For Olga Weiss, the order to stay at home is about much more than simply locking her door to the coronavirus. It has awakened fears from decades ago when she and her parents hid inside for two years from Nazis hunting down Jews in Belgium.
Haredi leaders learn harsh corona lesson as Israel sends in the troops
“It is almost an echo of when we were young, when we were children, the same feeling of not knowing what will happen next,” said Weiss, 83. “We aren’t thinking about the virus; we are thinking of what happened to us” back then.
Close to 400,000 survivors of the Holocaust are believed to be alive worldwide, and for many elderly Jews the coronavirus pandemic has dredged up feelings of fear, uncertainty and helplessness not felt since they were children during that dark period.
While the fast-spreading virus has caused fear and the reliving of trauma for many in the general public, Yael Danieli, a psychologist and director of the Group Project for Holocaust Survivors and their Children, said the emotional toll can be particularly acute for survivors of the Nazi genocide.
“They are not living through this – they are reliving it,” Danieli said.
Not everyone reacts the same way. Some Holocaust survivors see their role in today’s pandemic as setting an example for how to survive, how to fight back, according to Danieli.
But parallels that may seem extreme to others can push their way unbidden into traumatized minds: The fear of hospitalization, akin to the idea of going to a camp from which you don’t come out, she said, or sheltering in place feeling like a “return of the horrific times when you had to hide from the world in order to survive.”
- Remembering Holocaust survivors and Jewish community leaders claimed by the coronavirus
- Funds flowing to Holocaust survivors as coronavirus isolation takes its toll
- COVID-19 gives way to another outbreak of the anti-Semitism virus. We need a cure
The issue is compounded by the fact that Holocaust survivors are elderly, since old traumas can resurface naturally with advancing age even in pandemic-free times. Nursing homes, for example, know a trip to the shower can trigger elderly Jewish residents.
That’s something Colette Avital, who emigrated after World War II from Romania to Israel, served in parliament and now chairs the Center Organizations of Holocaust Survivors in Israel, saw firsthand when her mother approached death years ago at age 97: “She was shrieking at night, ‘the Nazis are coming!’”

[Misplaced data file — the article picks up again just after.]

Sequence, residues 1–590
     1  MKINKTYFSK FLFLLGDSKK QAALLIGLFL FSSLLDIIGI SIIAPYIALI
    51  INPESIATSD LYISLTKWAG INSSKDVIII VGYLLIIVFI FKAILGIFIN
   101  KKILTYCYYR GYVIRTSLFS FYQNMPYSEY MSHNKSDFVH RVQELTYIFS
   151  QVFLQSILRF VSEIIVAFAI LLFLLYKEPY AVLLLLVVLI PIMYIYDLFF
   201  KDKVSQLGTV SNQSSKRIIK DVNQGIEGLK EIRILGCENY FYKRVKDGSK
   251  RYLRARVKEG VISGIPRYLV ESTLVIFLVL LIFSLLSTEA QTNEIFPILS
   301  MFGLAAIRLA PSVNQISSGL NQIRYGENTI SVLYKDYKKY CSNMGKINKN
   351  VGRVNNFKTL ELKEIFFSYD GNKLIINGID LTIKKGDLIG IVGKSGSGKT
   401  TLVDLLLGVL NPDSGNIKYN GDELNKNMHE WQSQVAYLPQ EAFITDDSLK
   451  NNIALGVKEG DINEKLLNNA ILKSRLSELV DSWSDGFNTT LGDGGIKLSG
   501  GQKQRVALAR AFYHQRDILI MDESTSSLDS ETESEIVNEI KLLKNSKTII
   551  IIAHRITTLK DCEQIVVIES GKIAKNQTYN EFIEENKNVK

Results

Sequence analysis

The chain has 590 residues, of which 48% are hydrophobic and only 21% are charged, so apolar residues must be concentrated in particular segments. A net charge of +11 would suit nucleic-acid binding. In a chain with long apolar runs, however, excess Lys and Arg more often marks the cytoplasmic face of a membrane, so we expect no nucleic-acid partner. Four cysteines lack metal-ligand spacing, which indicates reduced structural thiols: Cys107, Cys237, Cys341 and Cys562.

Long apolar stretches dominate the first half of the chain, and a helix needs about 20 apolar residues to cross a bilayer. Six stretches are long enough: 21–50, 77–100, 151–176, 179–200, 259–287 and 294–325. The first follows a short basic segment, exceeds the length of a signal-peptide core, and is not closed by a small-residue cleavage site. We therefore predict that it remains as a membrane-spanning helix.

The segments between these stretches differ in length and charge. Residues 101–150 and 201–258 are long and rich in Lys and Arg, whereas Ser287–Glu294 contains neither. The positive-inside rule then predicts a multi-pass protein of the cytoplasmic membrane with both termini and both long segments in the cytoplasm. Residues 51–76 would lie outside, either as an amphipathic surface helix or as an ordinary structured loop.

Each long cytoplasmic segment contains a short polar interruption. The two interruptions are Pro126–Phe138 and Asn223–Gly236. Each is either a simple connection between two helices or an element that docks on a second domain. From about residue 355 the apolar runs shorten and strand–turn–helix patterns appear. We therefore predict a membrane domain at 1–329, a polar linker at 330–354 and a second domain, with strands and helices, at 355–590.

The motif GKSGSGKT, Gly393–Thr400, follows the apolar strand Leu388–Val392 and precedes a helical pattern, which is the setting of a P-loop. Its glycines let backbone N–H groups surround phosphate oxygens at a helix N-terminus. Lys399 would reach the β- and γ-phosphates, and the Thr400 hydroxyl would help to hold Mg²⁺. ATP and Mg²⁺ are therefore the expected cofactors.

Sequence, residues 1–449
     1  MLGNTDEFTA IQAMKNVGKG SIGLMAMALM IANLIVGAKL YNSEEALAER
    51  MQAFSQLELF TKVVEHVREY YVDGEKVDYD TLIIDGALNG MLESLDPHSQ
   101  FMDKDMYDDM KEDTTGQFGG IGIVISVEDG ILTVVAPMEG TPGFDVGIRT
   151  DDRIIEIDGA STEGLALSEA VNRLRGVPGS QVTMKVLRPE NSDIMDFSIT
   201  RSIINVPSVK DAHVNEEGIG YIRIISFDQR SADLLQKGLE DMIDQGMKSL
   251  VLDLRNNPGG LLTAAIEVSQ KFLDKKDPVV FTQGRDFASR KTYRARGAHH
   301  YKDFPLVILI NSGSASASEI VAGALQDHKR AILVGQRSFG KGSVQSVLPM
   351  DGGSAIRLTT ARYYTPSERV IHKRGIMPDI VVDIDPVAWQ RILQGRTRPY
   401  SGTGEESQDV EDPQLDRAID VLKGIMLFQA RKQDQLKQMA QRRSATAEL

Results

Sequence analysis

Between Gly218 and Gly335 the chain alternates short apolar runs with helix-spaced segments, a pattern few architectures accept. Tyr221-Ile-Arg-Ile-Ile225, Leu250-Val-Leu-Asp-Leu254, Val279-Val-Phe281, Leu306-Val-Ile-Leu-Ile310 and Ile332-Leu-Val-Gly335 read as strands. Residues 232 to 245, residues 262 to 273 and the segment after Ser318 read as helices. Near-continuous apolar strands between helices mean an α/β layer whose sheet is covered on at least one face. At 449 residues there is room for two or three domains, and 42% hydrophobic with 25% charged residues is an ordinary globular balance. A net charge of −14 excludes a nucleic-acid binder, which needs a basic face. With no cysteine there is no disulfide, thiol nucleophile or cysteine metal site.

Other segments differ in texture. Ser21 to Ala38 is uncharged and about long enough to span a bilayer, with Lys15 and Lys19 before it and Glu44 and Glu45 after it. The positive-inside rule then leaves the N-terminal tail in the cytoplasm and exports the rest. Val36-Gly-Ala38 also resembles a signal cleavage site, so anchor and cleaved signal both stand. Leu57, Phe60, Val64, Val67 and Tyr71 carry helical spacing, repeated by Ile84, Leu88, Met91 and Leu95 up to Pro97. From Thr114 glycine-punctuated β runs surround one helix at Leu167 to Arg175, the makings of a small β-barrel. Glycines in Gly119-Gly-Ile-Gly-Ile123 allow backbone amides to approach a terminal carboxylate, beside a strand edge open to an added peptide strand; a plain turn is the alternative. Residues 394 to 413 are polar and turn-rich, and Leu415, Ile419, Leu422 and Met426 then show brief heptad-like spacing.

Today such fears are only magnified, she added, because people know there really is a menace lurking outside their doors: “This has got them panic-stricken.”
André Stein, who was attacked in a Budapest bread line last century by thugs who left him for dead on a pile of bodies, said a difference with the virus is that the enemy is unseen: “Now you can walk down the street and somebody sneezes on you, and you may be killed,” said Stein, 83, a Toronto resident and author of “Hidden Children: Forgotten Survivors of the Holocaust.”
For most people the coronavirus causes mild to moderate symptoms such as fever and cough. But for some, especially older adults and the infirm, it can cause pneumonia and lead to death.
So at 88 years old, “I don’t go outside much,” said Sidney Zoltak of Montreal, who as a boy sneaked with his parents from one hiding place to the next in Poland, including seven months in an underground bunker with no sunlight.
Zoltak considers himself fortunate because his days are filled with writing, talking with a son who drops food off on his doorstep, video chatting with grandchildren and communicating with fellow Holocaust survivors. This week he celebrated what he called a “virtual Passover” with family via FaceTime. But he knows others aren’t so lucky, cut off from family and left to dwell on their fears.
The understanding that Holocaust survivors are a vulnerable population led to this week’s announcement by the New York-based Conference on Jewish Material Claims Against Germany of $4.3 million in grants to agencies around the world that provide care for 120,000 survivors.
Weiss, who lives in suburban Chicago and coordinates a group of about 20 other “hidden children” from the Holocaust, used the phrase “as silly as it sounds” to couch her comparison of how things felt during the war, when starvation was a real possibility, to today’s crisis, when stores are simply running low of certain items.
She knows that today she does not have to keep quiet, that the Gestapo isn’t lurking outside her door, that the simple pleasure of listening to music doesn’t risk discovery and death.
But “it feels the same,” Weiss said. “It is the same fear of what will happen to us ... (that) we had at the beginning of our lives, and now at the end.”